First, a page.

Reduced autobiographical memory specificity as an avoidant coping style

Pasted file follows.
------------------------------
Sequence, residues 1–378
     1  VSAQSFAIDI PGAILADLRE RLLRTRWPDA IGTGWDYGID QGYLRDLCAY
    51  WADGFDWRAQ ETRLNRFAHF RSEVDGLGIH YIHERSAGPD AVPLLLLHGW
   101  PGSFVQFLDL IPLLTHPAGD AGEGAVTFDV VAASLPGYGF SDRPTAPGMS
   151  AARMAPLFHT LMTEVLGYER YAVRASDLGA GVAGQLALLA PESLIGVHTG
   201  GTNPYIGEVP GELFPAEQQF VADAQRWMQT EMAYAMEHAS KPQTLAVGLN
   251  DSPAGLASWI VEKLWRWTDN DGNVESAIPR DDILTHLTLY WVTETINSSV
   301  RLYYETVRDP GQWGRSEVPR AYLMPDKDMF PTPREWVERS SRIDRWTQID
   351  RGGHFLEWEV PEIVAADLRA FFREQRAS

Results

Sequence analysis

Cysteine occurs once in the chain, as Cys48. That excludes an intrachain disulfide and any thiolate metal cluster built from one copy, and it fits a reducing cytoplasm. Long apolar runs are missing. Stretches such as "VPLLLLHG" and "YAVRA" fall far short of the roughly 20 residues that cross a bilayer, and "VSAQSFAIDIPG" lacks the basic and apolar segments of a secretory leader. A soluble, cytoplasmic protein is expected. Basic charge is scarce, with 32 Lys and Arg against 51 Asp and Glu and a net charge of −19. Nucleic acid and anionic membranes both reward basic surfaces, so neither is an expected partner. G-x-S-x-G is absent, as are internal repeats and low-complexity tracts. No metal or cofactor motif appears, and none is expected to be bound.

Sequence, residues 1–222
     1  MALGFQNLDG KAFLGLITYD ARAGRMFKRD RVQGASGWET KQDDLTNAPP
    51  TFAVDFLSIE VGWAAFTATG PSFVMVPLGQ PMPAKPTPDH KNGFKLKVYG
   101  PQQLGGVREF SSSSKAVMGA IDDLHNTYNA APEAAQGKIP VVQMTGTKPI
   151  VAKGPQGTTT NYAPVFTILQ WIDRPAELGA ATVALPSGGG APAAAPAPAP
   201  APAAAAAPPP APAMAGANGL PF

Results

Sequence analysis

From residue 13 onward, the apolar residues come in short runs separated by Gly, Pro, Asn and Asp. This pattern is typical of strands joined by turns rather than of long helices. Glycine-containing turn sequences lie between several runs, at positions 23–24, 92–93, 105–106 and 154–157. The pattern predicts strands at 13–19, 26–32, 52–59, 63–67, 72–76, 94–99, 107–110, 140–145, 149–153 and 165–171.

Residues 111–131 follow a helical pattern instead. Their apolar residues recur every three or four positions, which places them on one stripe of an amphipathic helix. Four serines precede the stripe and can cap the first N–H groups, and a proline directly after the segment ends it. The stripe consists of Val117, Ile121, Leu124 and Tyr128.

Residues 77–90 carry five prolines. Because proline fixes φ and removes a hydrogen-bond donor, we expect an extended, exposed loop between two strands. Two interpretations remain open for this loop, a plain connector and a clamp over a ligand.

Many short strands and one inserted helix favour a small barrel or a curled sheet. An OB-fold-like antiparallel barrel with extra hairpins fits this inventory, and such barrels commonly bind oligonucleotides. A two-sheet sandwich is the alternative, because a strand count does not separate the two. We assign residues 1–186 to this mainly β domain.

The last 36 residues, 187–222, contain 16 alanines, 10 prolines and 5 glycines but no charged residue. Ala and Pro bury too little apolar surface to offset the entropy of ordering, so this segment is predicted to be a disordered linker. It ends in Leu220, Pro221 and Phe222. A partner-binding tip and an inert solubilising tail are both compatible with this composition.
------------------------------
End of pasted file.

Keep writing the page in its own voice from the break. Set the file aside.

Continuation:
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Objective.Previous studies suggest that reduced autobiographical memory specificity might serve as a way of regulating affect. This study examined the relationship between autobiographical memory specificity and avoidant coping.Method.Sixty students completed the Autobiographical Memory Test (AMT). Different types of avoidant coping were assessed using questionnaires: the Acceptance and Action Questionnaire, the Cognitive-Behavioural Avoidance Scale and the White Bear Suppression Inventory.Results.For all questionnaires, a significant correlation was observed between the number of specific responses on the AMT and an avoidant coping style. More avoidance was associated with fewer specific answers. These correlations remained when corrected for number of omissions.Conclusion.The results provide further evidence for the affect-regulating quality of autobiographical memory specificity.

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